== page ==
The Justice Department has determined what many people attending protests in Ferguson, Mo., after the police shooting of 18-year-old Michael Brown knew all along.
The heavily armed police confronting people already upset over the slaying of the unarmed black man by a white officer caused tensions to boil into unrest and violence. The confrontational stand by law enforcement also made it more difficult for authorities to get and keep public confidence and control, The New York Times reports.
The draft report was put together by the Justice Department’s community policing unit. It follows a scathing Justice Department report in March, saying Ferguson police and courts routinely violated the constitutional rights of African Americans with racial profiling stops followed by fines and fees that helped fill city coffers.
The report led to the resignations of the city manager, police chief and other Ferguson officials. Federal cutbacks also have occurred in the kind of military hardware available to police departments.
The latest Justice Department report said the equipment in Ferguson was misused. Tear gas was fired on crowds wrongly, snipers shouldn’t have been deployed and an armored vehicle was used when it was not necessary. Protesters also were told to “keep moving,” which discouraged them from “exercising their First Amendment rights,” the report said.
Both the state grand jury and the Justice Department declined to file charges against the police officer in Brown’s death. That slaying and others nationwide of unarmed African Americans at the hands of police spawned the “Black Lives Matter” movement.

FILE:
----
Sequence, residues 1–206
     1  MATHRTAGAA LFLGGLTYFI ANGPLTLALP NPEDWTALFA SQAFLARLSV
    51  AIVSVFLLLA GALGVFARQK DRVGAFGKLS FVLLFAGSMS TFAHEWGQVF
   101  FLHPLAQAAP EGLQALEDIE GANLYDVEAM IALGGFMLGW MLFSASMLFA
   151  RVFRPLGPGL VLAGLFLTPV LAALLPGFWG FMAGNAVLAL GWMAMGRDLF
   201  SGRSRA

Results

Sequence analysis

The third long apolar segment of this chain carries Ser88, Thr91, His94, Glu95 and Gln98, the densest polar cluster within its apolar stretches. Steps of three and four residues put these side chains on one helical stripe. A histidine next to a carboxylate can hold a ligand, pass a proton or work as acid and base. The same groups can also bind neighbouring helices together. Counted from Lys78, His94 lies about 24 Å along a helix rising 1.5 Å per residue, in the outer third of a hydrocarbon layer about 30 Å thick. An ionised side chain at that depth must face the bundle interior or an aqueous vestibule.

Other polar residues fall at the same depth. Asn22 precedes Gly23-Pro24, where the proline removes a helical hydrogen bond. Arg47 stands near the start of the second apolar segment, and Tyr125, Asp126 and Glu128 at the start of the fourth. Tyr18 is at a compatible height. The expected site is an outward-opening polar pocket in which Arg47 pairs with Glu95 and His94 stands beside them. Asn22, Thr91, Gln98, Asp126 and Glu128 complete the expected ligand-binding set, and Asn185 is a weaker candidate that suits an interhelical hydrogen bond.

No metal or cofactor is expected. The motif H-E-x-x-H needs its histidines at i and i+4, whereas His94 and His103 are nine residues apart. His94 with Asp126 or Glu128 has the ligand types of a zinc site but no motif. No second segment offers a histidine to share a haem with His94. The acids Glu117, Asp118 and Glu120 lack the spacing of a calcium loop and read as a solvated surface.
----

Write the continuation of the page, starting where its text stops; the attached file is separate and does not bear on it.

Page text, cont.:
Also, as the first anniversary of Brown’s death on Aug. 9 approaches, the “Don’t Shoot Coalition” of nearly 50 organizations formed in response to the police slaying has released “Rules of Engagement with Youth” for law enforcement of people engaged in demonstrations, sit-ins and other protests.
The points are geared to have police working with the public to protect people’s rights and serve their interests rather than forming a hard battle line against them. The rules include:
▪ Make serving and protecting youth the top priority.
▪ Treat young people as they would want their own children treated by others.
▪ Demonstrate a humane understanding, displaying firmness when necessary but not rigidity to build a better rapport and relationships.
▪ When possible, remove barriers to dialogue such as helmets, weapons and shields.
▪ Allow teens to “vent” and discuss options rather than cracking down quickly with “failure to comply.”
▪ Create emotional “exit routes” as well as physical ones in interactions and confrontations with youth.
▪ Act with an understanding that humiliation or disrespect will only create defiance.
▪ Deflect and de-escalate anger rather than confronting it head on. Humor and self-deprecation can be effective with youth in this regard.
▪ Be open to listening. Avoid personalizing or attempting to debate protesters.
▪ Refrain from intimidation tactics (such as tapping of shields) when children are present. Do not use fear to compel compliance.
▪ Keep physical force to an absolute minimum. Physical restraint must be commensurate with size, strength and condition of the individual.
▪ Refrain from using mace or tasers on youth.
▪ Ensure that police throughout the St. Louis region receive training on the Effective Policing of Youth model.
The Rules for Engagement with Youth foster a very different and better way of working with the public versus inciting confrontations with military-style gear and tactics. Let’s hope the points are taken seriously by law enforcement and used this summer.